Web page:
This article compares the debates and demonstrations about Darfur that have taken place in the Sudan, the United States, and Qatar and illuminates how political violence is apprehended and cultural identities are constructed. The rallies that occurred among Sudanese inside and outside the Sudan following the 2009 indictment of President Omar Hassan al-Bashir by the International Criminal Court (ICC) are particularly revealing. Examining what has been represented worldwide as the first genocide of the twenty-first century brings to light the ideologies that are expressed in impassioned political positions. Ideology, which implicitly undergirds the mixed emotions with which the ICC warrant was received, has been fundamental to the Darfur story from the start of the crisis in 2003. Describing Darfur in three distinct sociopolitical arenas, one sees various scenarios that are akin to a play with multiple actors and scenes, each of which is contextually mediated and expertly produced. The disconnections, ruptures, and shifts in the flow of this narration point to the disparities in the situational, local, regional, and transnational forces at work.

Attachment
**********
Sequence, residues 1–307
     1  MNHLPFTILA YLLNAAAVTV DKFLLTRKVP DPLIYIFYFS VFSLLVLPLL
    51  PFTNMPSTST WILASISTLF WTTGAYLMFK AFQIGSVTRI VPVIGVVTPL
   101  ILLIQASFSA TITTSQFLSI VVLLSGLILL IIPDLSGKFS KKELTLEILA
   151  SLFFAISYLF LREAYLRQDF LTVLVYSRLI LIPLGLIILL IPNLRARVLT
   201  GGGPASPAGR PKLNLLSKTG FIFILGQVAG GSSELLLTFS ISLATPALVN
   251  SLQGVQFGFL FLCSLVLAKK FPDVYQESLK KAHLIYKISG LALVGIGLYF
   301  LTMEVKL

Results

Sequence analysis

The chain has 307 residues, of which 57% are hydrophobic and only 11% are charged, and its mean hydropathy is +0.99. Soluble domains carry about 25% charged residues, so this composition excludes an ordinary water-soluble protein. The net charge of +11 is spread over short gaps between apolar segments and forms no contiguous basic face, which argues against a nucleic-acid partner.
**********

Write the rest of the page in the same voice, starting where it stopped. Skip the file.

The scale and ferocity of post-war violence regularly confounds the expectations of security and development specialists. When left unchecked, mutating violence can tip ‘fragile’ societies back into all out warfare. In the context of formal peace support operations, conventional security promotion efforts are routinely advanced to prevent this from happening. These include disarmament, demobilisation and reintegration (DDR) and wider security system/sector reform (SSR). There are also lesser known but no less important interventions to promote security that deviate from-but also potentially reinforce and enhance-DDR and SSR. Faced with dynamic post-war contexts, erstwhile warring parties, peace mediators and practitioners have crafted a host of innovative and experimental security promotion initiatives designed to mitigate risks and symptoms of post-war violence including interim stabilisation measures and second generation DDR. Drawing on a growing evidence base, the article sets out a host of contextual determinants that shape the character and effectiveness of security promotion on the ground. It then issues a typology of emergent practices-some that occur before, during and after DDR and SSR interventions. Taken together, they offer a fascinating new research agenda for those preoccupied with post-war security promotion.